• Converting to a fixed interest rate from a variable rate

You can apply for a loan modification if you can prove financial hardship and have the means to make the modified payment amount. Often, lenders will require a trial period with the new payment before permanently signing off on the new payment schedule.

Mortgage Forbearance and Your Credit

Mortgage lenders can report missed payments during forbearance, but some choose not to. If you are taking advantage of a forbearance offer, ask your lender whether they intend to report it to the credit reporting bureaus.

Whether the lender reports the missed payments or not, foreclosure poses a greater risk to your credit score than forbearance because it remains on credit reports for seven years. Forbearance only remains on your credit profile for a short period.

If you have been in an active forbearance in the past and want to borrow money again, most lenders will expect you to have repaid the forbearance amount, or at least have made 12 months of repayments on time.

Applying for Mortgage Forbearance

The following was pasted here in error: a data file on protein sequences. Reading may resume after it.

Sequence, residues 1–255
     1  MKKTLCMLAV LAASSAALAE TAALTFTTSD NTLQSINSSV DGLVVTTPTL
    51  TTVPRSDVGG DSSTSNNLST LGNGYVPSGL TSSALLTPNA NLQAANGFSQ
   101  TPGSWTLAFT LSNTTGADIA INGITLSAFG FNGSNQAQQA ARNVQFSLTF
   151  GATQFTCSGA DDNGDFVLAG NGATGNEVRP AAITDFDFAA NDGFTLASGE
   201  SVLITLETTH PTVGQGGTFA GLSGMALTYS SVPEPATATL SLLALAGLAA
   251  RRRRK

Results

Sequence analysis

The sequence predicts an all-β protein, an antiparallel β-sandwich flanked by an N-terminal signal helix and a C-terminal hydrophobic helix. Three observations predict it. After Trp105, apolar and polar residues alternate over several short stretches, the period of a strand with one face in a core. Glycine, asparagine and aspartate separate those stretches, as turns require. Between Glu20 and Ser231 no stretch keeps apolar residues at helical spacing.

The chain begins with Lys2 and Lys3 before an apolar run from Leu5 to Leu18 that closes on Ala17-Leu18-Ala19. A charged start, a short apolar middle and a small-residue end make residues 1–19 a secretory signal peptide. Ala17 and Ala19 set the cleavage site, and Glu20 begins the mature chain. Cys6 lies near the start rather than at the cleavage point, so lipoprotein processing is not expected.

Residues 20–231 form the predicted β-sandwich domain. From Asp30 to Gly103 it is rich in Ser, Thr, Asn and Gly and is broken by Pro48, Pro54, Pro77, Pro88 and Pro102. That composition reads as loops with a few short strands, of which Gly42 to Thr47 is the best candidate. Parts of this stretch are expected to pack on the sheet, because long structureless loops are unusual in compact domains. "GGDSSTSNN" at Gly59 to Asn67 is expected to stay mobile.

In applying for a mortgage forbearance, lenders will want the following information:

  • An explanation of financial hardship (it’s best to substantiate your claim with documents)

  • Current income

  • Current expenses

  • Your most recent mortgage statement

To protect your credit score from further damage, it’s best to apply for a forbearance before you miss your first payment – as soon as you know you could be in trouble with payments.

Home Equity: What You Need to Know

If you are struggling to make your mortgage payments, forbearance isn’t the only solution. Accessing your home’s equity could also help.

Home equity is the current value of your home minus the amount you owe on it. To access your home’s equity means to receive money based on this difference. You will need to pay that money back according to the terms of the agreement.

Home Equity Solutions

Home equity financing generally has lower interest rates than personal loans or credit cards. For example, credit card rates can average 13-20%, versus about 3-6% (as of this writing) for home equity lines of credit (HELOCs).

With home equity, you can generally receive larger amounts of money than with a personal loan or through a credit card. With home equity loans (HELs), for example, you may be eligible to receive up to 85% of your home value.

Home Equity Drawbacks

While accessing your home’s equity through a HEL or HELOC can solve some financial problems, you should consider the drawbacks as well as the benefits. If your home value declines, you could end up owing more than it's worth. Depending on the lender, hefty fees may apply to your HEL or HELOC.

Ultimately, because you receive money based on your home’s equity, you endanger your home if you can’t pay back the borrowed sum. With such high stakes, it pays to use your home equity funds carefully.